The current commodity price trend may not be an actual super-cycle, since most of the price rises over the past eight months are due to supply constraints rather than a protracted global uptick in demand, which would define a super-cycle. Nevertheless, some metals could be entering their own super-cycle. Demand for metals needed to build renewable energy infrastructure, batteries, and electric vehicles, would be boosted by the fight against climate change. This scenario would be good news for major platinum producers such as South Africa and Zimbabwe, as well as South Africa’s palladium sector. 

African free trade rolls out 

On 1 January 2021, the African Continental Free Trade Area (AfCFTA) came into force and African countries began officially trading under the new continent-wide free trade area after months of delays due to the pandemic. The free trade area is expected to boost economic recoveries for Africa from this year, and the World Bank estimates it could lift tens of millions out of poverty by 2035. Despite entrenched protectionism in some states and other obstacles such as poor infrastructure, the AfCFTA has been given a new impetus by the pandemic. Full implementation of the deal may take several years, but initial steps towards its implementation may allow member states to double intra-African trade by 2025.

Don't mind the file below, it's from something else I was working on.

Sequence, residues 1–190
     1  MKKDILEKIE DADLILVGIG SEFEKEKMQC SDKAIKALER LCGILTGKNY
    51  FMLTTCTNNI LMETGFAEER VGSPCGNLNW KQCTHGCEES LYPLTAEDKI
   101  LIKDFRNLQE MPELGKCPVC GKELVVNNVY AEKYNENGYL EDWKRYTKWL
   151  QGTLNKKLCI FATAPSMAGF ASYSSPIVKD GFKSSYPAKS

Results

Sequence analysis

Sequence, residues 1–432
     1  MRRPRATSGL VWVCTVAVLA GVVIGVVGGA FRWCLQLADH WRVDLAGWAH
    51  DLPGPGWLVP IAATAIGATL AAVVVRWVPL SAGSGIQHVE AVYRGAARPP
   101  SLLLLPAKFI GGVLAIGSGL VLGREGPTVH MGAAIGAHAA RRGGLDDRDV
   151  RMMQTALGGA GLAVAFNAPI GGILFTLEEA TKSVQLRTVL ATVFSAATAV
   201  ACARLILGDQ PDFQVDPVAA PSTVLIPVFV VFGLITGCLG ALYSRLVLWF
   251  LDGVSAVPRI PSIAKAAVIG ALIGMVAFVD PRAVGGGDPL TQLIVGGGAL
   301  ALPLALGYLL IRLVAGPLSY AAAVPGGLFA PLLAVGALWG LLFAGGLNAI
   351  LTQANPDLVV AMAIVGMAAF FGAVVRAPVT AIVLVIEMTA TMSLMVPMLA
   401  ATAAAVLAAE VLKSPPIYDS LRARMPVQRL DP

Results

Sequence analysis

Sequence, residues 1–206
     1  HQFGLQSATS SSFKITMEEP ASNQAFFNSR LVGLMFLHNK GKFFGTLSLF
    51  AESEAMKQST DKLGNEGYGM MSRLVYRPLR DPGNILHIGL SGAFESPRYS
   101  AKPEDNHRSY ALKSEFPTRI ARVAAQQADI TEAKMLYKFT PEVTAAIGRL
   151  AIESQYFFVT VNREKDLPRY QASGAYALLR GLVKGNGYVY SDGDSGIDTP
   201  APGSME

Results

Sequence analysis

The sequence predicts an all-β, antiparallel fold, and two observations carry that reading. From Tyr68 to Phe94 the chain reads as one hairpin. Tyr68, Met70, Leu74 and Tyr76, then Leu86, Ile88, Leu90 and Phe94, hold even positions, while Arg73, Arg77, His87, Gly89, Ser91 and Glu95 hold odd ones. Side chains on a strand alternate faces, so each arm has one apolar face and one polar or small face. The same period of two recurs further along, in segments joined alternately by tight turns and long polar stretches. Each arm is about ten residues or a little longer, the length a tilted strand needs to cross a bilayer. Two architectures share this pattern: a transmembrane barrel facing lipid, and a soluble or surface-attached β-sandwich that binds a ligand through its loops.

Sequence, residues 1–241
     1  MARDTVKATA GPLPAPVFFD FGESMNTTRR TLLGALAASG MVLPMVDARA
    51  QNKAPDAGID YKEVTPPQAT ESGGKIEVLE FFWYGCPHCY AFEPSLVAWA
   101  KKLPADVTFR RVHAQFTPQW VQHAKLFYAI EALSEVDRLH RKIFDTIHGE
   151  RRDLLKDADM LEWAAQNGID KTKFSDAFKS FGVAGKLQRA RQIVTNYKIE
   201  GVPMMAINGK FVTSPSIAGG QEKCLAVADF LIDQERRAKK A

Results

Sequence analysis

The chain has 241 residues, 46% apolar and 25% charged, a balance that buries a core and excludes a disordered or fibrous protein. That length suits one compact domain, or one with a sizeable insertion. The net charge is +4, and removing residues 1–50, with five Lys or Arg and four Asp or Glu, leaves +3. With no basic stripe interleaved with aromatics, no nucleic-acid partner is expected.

Intra-regional trade in Africa represented less than 20 percent of total trade in 2016. Such intra-African trade primarily consists of manufactured and agricultural products, which are sectors that are widely considered as scalable, in terms of volume and value. Moreover, the AfCFTA is expected to boost intra-African trade of extractables as well, which currently only account for 31 percent of intra-Africa trade compared with 66 percent of extra-African trade. In addition to an increase in trade, the AfCFTA will provide opportunities for value addition for extractives sectors such as mining and oil production, with the production of final or intermediate goods, for innovation and increased productivity through responses to the new competition offered by the open market, and for joint ventures with foreign companies looking for reliable partners in Africa. Combined, the AfCFTA is expected to contribute significantly to GDP and employment opportunities across the continent.